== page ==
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I know I just wrote a post about being a joyful vegan, and while I really, really do plan to be as joyful as possible, when I hear that a dairy operation (it’s not a FARM, that’s for sure) in northern Minnesota caused local residents to evacuate their homes over the weekend due to unhealthy levels of hydrogen sulfide, I don’t feel very joyful. In fact, I feel pretty angry. When will the people who operate these dairies finally own up to how incredibly awful these facilities are – for the animals involved, the people who live nearby, the workers, and the environment?? This isn’t rocket science – it’s just common sense (trust me, I cannot do rocket science).

So, as I said, the people living near this facility actually had to EVACUATE their homes to avoid the negative health effects of breathing in the toxins, such as irritation to the eyes, nose, or throat, headaches, difficulty breathing, and if high enough, neurological and brain damage. Doesn’t that sound lovely? Brain damage! Especially in children! Apparently the residents have been complaining for years, and nothing gets done about it. Before I get in to talking about how the animals must be suffering, let’s talk about workers for a minute:

According to the National Institute for Occupational Safety and Health (NIOSH), farm workers are risking their lives every time they enter a manure pit. The…atmosphere which can develop in a manure pit has claimed many lives.” The manure pits are so dangerous because of the gases produced by the animals during digestion:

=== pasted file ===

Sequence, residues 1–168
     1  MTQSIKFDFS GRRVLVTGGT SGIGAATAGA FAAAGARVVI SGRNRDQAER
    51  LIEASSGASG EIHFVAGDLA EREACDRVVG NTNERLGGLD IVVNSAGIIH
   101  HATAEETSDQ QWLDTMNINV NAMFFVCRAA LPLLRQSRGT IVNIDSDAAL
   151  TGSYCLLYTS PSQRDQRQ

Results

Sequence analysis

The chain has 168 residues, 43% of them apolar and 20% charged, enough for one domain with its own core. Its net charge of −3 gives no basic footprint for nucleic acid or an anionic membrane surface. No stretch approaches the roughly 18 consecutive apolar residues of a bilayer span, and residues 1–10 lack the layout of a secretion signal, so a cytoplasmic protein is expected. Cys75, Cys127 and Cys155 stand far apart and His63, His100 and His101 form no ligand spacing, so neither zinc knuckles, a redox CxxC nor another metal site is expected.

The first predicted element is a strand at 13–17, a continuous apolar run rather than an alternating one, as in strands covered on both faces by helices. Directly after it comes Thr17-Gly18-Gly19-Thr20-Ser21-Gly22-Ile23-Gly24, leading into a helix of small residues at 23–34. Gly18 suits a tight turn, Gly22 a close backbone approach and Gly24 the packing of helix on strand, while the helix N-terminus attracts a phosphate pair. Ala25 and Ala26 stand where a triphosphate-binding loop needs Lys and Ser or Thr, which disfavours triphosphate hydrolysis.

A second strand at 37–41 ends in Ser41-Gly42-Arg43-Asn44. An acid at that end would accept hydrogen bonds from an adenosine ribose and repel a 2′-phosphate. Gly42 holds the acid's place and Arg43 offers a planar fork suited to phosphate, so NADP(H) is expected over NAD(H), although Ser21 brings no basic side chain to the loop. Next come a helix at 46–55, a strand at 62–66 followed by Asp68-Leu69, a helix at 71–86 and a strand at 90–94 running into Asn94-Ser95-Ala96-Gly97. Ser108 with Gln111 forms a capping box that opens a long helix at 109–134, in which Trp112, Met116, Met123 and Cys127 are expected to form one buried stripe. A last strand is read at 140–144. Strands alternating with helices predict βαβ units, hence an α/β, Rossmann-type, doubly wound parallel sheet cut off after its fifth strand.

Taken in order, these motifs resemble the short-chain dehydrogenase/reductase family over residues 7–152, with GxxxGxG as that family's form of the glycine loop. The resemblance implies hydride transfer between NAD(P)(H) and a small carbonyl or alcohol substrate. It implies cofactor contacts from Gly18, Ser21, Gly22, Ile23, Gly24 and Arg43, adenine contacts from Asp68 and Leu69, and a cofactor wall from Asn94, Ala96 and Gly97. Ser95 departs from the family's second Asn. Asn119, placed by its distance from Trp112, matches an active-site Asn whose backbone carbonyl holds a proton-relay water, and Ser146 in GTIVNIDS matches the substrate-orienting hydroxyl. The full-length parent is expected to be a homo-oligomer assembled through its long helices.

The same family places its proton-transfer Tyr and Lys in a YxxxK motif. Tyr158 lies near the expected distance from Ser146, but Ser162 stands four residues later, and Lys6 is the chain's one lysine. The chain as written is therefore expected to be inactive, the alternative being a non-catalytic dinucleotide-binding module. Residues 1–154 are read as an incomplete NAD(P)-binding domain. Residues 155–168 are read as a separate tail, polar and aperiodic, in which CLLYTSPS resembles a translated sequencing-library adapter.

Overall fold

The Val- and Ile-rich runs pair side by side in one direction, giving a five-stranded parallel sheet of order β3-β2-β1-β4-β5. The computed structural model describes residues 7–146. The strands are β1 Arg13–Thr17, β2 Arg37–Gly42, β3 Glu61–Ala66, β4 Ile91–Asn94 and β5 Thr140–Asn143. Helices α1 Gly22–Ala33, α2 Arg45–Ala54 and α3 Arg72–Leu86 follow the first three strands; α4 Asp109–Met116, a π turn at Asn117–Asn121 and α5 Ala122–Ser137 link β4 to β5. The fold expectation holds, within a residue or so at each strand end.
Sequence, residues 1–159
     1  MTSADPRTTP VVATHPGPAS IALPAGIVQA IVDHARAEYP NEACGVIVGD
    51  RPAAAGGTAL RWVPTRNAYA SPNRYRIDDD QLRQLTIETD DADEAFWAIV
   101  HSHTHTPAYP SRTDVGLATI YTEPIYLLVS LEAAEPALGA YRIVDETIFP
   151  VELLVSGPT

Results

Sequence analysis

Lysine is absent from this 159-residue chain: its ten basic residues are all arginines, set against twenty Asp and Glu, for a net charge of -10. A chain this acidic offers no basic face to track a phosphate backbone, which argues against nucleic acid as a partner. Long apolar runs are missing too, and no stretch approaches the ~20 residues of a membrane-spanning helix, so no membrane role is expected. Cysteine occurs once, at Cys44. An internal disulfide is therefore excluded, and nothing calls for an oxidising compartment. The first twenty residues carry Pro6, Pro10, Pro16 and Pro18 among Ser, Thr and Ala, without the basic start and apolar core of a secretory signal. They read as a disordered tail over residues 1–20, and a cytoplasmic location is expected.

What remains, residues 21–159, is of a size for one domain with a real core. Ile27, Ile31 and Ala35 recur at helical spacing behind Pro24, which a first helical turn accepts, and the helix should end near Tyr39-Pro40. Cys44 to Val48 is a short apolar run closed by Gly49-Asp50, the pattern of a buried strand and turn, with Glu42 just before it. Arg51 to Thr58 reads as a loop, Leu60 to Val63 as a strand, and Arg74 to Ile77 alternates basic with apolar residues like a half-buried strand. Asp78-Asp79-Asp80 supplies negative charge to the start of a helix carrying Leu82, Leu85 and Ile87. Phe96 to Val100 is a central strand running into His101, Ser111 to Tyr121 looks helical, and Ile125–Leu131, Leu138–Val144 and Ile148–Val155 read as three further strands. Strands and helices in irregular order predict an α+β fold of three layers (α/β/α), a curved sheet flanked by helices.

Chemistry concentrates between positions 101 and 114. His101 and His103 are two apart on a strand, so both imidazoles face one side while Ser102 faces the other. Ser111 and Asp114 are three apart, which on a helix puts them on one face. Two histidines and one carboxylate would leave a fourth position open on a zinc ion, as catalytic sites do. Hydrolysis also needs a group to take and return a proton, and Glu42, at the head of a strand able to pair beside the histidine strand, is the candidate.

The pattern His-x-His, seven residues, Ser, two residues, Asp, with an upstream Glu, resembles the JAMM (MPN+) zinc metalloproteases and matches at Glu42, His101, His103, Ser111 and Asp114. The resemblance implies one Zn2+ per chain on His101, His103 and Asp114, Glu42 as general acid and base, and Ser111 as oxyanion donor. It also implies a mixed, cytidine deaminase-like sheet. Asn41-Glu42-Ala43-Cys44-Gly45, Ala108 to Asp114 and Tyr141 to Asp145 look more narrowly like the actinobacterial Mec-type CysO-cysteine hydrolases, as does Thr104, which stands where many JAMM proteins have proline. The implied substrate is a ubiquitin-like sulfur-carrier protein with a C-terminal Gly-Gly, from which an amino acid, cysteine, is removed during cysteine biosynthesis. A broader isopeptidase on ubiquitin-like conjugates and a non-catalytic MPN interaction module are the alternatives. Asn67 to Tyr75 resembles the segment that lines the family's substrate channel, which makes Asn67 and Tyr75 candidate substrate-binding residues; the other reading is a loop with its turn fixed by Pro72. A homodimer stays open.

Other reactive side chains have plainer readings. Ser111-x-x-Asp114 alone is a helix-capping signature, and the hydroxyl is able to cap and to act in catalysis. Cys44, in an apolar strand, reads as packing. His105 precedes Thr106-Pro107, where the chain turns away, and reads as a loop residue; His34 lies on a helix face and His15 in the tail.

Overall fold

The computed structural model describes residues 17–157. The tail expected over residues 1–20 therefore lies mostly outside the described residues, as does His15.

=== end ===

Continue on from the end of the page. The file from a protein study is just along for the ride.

• Methane
  • Hydrogen sulfide
  • Carbon dioxide
  • Ammonia

The accumulation of these gases within the confined space of the manure pit can produce an oxygen-deficient, toxic, and/or explosive environment. Doesn’t that sound like a nice place to work? Check it out:

Modern Dairy Barn

I’ll never complain about my desk job again. Ever.

Worker deaths are real: in August of 1992, a 43-year-old dairy farm owner and his 23-year-old son died from asphyxiation after entering a manure pit; in July of 2007, 4 workers at a Virginia farm died of asphyxiation when they entered a manure pit. There is case after case after case just like that – sad, unnecessary, preventable deaths.

So, now let’s imagine what the animals are going through. Stuck indoors all day, every day, living in close quarters, standing in their own manure, unable to eat a natural diet of grass, these poor cows are impregnated year after year, and deprived of raising their babies so that humans can steal their milk. Just imagine how horrible that must be. Now imagine being pumped up with growth hormones so that you produce 10 times as much milk as you should, being milked for hours a day for several years, and then being sent to slaughter when you’re no longer “productive”.